- Brands including Aunt Jemima, Uncle Ben’s, and Cream of Wheat acknowledged criticism of their racist roots this week.
- Aunt Jemima is changing its name and image, while Mrs. Butterworth’s and Cream of Wheat said they will conduct a complete review of the brands.
- Earlier this year, Land O’Lakes removed the drawing of a Native American woman on their packaging.
- Visit Business Insider’s homepage for more stories.
Companies are finally being forced to change brands, mascots, and logos that have long been criticized as racist.
In a single week, four brands have announced plans to change or consider changing their mascots and names. Parent companies have committed to entirely overhauling the brand, as in the case of Aunt Jemima, which announced it would lose its name and brand image.
While much of the criticism of brands such as Aunt Jemima and Cream of Wheat has been going on for decades, the recent killing of George Floyd and the following protests are helping force companies to make changes now. As massive corporations make donations to fighting inequality, they are also being force to look inward — and, in some cases, make changes.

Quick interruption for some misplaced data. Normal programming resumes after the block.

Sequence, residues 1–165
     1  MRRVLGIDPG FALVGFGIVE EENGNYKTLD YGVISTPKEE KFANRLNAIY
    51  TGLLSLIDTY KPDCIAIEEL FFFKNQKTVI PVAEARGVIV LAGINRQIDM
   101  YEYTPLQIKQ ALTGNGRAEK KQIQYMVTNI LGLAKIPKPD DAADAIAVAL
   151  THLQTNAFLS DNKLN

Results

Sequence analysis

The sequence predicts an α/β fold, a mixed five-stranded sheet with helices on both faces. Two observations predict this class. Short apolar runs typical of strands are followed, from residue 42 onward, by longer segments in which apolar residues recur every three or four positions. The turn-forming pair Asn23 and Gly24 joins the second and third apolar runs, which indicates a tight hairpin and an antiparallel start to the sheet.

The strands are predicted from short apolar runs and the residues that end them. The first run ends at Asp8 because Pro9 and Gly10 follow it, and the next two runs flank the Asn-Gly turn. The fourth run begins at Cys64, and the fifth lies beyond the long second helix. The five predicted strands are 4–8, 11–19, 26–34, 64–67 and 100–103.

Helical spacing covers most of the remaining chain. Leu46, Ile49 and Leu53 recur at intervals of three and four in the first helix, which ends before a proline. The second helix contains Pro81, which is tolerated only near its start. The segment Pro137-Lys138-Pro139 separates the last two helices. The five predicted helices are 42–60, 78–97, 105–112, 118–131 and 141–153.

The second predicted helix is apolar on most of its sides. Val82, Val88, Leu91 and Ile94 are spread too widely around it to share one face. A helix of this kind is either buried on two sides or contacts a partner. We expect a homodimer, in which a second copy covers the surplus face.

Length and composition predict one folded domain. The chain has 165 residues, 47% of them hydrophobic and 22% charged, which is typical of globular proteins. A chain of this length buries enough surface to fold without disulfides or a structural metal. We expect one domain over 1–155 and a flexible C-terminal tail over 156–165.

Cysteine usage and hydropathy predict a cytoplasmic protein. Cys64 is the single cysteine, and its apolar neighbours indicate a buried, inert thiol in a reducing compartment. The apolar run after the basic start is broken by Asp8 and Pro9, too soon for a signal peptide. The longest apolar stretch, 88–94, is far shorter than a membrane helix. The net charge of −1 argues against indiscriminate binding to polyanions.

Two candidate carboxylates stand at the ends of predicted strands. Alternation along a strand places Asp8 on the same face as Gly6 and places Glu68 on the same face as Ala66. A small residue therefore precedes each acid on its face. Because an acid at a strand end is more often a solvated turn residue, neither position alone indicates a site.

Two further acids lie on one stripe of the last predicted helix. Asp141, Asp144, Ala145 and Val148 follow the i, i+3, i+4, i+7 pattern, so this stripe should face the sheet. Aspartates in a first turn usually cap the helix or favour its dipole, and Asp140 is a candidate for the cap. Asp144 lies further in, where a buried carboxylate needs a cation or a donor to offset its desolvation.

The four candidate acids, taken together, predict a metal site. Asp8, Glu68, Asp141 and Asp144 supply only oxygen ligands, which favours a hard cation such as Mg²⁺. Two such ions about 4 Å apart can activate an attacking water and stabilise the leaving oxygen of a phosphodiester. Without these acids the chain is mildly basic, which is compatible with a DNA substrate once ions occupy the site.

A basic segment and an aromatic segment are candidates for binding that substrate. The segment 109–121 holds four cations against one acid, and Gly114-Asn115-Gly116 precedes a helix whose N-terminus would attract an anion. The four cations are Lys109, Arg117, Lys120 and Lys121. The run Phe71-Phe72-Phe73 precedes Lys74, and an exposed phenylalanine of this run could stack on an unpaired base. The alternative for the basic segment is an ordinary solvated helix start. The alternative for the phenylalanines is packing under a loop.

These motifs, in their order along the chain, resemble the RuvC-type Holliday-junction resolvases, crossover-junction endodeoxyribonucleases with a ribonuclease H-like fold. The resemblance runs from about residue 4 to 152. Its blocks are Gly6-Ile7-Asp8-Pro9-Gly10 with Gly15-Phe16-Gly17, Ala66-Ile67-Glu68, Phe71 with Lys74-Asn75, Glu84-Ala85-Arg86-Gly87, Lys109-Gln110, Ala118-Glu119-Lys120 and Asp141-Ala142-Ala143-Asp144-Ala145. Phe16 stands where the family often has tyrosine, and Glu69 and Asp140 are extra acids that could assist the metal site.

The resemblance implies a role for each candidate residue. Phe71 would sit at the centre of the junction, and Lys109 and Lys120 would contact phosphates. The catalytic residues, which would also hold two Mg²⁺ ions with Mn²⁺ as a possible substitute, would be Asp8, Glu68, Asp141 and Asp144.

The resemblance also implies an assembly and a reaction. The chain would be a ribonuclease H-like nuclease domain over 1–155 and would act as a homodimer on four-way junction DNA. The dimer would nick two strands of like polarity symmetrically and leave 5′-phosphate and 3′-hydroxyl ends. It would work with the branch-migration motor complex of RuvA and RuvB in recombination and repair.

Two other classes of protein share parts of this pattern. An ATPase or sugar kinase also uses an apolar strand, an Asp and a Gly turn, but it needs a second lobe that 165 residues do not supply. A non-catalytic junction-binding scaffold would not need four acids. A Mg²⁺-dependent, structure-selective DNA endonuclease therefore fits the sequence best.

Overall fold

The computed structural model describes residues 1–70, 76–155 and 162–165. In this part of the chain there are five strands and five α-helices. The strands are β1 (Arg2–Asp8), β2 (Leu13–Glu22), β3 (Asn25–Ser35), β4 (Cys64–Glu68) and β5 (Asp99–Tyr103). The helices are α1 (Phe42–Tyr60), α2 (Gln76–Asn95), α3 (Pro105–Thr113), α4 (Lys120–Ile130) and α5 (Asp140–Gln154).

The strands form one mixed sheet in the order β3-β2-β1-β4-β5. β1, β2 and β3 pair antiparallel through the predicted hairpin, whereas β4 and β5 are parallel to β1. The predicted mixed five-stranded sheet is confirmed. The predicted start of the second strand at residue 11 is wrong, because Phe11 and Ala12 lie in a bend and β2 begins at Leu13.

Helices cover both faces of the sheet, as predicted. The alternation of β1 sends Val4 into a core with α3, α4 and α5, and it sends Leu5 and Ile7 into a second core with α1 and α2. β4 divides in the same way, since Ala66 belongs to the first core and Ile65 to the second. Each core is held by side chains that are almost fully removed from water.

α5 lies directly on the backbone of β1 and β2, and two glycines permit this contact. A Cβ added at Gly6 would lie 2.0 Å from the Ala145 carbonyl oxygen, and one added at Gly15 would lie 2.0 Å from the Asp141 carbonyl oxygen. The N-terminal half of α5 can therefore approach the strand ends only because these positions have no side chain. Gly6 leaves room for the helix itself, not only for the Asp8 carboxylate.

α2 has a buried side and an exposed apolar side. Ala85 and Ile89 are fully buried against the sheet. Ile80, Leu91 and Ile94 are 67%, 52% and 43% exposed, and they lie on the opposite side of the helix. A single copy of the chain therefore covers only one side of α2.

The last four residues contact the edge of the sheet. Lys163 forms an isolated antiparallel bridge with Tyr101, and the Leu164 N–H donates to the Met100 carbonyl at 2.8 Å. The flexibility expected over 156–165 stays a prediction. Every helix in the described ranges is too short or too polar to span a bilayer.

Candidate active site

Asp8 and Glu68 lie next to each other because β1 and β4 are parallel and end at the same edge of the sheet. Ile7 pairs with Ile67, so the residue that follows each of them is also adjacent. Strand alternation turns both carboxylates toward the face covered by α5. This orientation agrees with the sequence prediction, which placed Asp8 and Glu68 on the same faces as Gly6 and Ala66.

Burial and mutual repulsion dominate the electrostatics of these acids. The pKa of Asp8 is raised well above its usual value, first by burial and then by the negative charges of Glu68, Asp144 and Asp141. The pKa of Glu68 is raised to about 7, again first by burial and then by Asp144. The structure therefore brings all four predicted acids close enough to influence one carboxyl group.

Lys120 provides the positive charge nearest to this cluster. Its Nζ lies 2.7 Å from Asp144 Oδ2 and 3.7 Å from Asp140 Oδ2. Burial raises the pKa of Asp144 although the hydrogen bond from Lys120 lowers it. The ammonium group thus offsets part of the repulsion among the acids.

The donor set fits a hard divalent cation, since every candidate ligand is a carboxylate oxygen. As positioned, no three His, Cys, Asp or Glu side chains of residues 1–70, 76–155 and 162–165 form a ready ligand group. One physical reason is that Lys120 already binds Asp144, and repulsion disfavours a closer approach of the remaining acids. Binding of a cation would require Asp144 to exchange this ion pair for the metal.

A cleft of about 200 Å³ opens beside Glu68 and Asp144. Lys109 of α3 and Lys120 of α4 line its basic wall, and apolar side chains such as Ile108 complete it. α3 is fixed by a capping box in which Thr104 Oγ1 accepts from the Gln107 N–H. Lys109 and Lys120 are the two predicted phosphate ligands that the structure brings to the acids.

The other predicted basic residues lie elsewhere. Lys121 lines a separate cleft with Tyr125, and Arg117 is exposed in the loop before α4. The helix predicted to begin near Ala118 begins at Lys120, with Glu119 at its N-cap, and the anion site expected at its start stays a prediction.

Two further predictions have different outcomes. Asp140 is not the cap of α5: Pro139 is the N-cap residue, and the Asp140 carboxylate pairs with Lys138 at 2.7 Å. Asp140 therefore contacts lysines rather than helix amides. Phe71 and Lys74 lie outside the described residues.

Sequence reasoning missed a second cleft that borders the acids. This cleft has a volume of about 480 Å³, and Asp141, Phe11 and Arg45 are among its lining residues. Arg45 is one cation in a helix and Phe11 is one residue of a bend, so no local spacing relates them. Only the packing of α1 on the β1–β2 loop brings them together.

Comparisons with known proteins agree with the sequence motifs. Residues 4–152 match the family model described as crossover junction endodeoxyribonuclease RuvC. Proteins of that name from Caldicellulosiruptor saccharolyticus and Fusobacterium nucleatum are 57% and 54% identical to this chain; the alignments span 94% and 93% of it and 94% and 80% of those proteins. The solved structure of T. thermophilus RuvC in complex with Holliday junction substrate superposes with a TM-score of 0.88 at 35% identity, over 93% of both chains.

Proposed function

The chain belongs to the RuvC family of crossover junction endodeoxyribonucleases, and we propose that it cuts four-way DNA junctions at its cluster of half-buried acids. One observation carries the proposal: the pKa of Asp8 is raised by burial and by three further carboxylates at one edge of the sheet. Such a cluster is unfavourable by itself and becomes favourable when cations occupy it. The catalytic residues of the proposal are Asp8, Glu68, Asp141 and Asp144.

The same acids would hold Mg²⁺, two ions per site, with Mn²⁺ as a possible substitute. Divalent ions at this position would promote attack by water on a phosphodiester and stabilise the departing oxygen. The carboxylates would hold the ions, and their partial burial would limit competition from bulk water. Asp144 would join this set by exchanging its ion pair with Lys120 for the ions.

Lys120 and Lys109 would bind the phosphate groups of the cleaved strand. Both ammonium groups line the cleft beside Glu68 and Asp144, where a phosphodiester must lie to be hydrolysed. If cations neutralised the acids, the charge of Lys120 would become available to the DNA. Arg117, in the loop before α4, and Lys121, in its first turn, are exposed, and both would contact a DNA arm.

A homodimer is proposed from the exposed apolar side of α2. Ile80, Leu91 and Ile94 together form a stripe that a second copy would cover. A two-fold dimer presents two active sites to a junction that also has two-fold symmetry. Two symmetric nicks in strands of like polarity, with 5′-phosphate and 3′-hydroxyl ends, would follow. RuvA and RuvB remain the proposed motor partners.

Here are six brands that have committed to reviewing their racist roots in 2020.
Also on Wednesday, Uncle Ben’s parent company Mars said the company was planning to make changes to the rice brand. The name of the brand is linked to the practice of white Southerners calling older Black people “aunt” and “uncle” because they refused to use “Mr.” or “Mrs.”
“As we listen to the voices of consumers, especially in the Black community, and to the voices of our Associates worldwide, we recognize that now is the right time to evolve the Uncle Ben’s brand, including its visual brand identity, which we will do,” Mars said in a statement
Cream of Wheat
B&G Foods announced late Wednesday that it was reviewing the chef mascot which features prominently on its Cream of Wheat brand. The chef was once featured in advertising as “Rastus,” a pejorative term associated with Black men.
“We understand there are concerns regarding the Chef image, and we are committed to evaluating our packaging and will proactively take steps to ensure that we and our brands do not inadvertently contribute to systemic racism,” the company said in a statement. “B&G Foods unequivocally stands against prejudice and injustice of any kind.”
On Thursday, Colgate announced it planned to Darlie, a Chinese toothpaste brand that used to be called “Darkie.” Reuters reports that the brand used to feature a man in blackface as its logo, and that its Chinese name continues to translate as “Black person toothpaste.”
“For more than 35 years, we have been working together to evolve the brand, including substantial changes to the name, logo and packaging. We are currently working with our partner to review and further evolve all aspects of the brand, including the brand name,” a Colgate spokesman told Reuters.